My kids have entered the world of organized sports. I have been amazed at the array of snacks and drinks parents choose to bring as the post-game nourishment. Back in the day, it was oranges and your water bottle, surely enough for the amount of work exerted and still a ‘treat.’
Now, I’ve seen personalized cookies, cupcakes, cake balls, Pop Tarts (the entire silver bag for each kid), chips, Gatorade and more. Or the time a parent forgot it was their day and handed each kid $1 instead. Really?! What happened to playing for the love of the game and maybe rounding out healthy activity with a healthy snack?
Is it really easier to buy a bunch of pre-packaged cookies than to grab a bunch of bananas? And is it any cheaper? Is it serving the intent of the snack?
Or, is the true goal to out-snack the other parents?
I was initially worried about the snacks I would bring in case the kids wouldn’t eat it. I literally had kids turn down my box of raisins and cheese stick or be disappointed that I only had bottled water. What happened to being grateful for a snack and what do these kids get for snacks when it’s not sports season?
People get so worried that eating real food results in a limited array of food choices and that it’s boring and inconvenient. With such simple things as cheese sticks, apples, oranges (any fruit, really), nuts, jerky, Bearded Brothers bars, kale chips, super cookies, etc readily available at your neighborhood grocery, it’s just a matter of hanging your mindset. What or to whom are you trying to prove?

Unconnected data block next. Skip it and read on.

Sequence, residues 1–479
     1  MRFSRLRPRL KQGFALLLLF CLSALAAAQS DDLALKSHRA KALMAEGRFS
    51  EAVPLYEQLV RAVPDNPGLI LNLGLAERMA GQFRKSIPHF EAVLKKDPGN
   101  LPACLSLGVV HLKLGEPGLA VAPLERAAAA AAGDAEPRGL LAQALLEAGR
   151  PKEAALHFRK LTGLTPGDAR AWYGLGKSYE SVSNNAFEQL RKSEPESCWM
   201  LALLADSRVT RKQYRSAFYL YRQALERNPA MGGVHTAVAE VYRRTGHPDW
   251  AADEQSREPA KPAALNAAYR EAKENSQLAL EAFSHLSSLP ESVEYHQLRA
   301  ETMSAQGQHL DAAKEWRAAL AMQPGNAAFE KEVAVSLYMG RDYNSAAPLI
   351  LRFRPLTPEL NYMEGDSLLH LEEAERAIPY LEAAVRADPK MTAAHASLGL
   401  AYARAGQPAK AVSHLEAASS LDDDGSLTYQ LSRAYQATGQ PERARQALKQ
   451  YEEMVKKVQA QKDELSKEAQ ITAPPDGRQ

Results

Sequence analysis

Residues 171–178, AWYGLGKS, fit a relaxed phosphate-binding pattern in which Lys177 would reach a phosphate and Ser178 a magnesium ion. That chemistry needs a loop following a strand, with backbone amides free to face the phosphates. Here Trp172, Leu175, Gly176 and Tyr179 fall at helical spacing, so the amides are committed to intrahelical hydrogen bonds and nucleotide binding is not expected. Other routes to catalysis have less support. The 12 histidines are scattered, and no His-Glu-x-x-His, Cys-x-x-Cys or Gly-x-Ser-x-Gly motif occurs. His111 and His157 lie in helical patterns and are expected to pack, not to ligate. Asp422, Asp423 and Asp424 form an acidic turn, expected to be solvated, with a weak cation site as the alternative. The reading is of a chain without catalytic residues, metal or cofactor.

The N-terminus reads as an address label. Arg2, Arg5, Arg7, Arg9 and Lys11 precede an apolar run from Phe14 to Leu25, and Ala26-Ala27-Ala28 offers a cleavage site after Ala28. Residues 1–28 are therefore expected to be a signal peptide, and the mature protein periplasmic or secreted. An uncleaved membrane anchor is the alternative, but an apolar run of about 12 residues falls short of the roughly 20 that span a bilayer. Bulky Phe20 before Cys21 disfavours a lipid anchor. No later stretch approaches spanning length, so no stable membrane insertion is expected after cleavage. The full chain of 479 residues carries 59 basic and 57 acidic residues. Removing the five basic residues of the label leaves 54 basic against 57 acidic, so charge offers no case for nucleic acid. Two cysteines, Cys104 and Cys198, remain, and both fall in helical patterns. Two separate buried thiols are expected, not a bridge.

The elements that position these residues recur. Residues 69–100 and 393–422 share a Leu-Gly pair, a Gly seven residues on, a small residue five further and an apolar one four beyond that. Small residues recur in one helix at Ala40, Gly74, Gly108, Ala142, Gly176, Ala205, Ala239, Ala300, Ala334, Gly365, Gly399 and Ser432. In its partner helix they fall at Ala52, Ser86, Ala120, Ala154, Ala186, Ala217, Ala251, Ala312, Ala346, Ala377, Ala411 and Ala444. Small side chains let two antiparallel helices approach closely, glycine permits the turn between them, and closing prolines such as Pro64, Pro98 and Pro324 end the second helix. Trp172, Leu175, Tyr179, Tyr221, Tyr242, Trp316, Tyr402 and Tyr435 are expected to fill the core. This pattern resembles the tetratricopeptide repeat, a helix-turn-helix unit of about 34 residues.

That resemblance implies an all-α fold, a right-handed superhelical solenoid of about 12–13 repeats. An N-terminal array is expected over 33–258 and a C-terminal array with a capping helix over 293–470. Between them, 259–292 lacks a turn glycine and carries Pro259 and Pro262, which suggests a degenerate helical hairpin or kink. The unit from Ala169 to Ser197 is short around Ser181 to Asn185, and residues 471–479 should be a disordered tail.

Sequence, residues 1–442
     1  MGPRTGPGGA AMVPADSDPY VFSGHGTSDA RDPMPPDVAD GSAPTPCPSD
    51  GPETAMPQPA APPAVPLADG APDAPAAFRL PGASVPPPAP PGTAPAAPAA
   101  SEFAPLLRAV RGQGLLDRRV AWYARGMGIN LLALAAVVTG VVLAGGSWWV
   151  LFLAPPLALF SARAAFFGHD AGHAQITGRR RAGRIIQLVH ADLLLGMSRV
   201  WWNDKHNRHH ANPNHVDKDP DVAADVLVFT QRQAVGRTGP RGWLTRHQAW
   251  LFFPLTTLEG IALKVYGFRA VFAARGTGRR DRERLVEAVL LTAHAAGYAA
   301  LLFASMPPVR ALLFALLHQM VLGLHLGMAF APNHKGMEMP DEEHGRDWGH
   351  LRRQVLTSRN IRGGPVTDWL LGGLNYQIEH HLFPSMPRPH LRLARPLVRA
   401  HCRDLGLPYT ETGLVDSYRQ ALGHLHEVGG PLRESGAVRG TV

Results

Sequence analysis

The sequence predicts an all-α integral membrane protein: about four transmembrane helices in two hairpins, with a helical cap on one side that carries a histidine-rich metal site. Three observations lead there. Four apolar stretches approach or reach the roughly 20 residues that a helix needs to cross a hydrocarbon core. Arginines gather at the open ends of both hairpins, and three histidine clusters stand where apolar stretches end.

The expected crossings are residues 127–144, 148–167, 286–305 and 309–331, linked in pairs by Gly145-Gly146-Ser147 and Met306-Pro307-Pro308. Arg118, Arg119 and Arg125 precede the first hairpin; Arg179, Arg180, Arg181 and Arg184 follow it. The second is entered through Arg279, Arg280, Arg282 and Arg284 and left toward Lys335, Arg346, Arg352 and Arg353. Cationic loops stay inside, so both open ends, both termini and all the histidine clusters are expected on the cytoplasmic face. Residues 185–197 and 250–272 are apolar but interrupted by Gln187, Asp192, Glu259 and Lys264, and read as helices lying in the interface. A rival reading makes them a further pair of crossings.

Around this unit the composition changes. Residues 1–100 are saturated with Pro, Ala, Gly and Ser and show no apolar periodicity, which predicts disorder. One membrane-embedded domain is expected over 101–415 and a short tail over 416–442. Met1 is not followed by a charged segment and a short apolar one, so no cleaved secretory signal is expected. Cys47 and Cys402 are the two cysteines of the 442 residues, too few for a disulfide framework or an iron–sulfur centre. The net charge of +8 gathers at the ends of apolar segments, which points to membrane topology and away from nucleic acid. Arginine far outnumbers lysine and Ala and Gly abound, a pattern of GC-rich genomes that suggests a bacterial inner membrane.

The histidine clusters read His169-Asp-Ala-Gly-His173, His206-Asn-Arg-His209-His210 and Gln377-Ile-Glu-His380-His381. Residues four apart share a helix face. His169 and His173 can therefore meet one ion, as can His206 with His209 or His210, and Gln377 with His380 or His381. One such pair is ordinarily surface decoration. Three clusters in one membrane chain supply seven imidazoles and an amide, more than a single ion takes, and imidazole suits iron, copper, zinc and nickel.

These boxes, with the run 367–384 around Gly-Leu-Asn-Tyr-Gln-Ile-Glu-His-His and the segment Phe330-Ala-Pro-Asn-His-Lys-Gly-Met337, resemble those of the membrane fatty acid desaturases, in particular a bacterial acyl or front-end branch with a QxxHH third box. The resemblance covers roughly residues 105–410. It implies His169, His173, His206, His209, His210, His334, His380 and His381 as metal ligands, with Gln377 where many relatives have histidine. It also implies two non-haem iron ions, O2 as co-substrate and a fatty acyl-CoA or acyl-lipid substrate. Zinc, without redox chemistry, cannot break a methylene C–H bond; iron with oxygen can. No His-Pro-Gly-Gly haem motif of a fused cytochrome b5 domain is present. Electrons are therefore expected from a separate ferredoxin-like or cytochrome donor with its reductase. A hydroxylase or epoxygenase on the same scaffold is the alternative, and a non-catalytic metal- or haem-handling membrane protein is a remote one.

As a result, when I am coaching my son’s basketball team this season, I have instituted a ‘bring your own post-game snack for your own kid policy.’ It eliminates the worry of allergies, remembering to order pre-decorated cookies in the shapes of your team mascot (ours is the Dragons), or pay anything extra! What a novel idea!
Let’s all take a big breath and some pressure off of ourselves. If you choose to provide snacks for the team, let’s bring it back to the basics, provide some guidelines for parents and keep our kids’ focus on having fun rather than playing for a ‘treat.’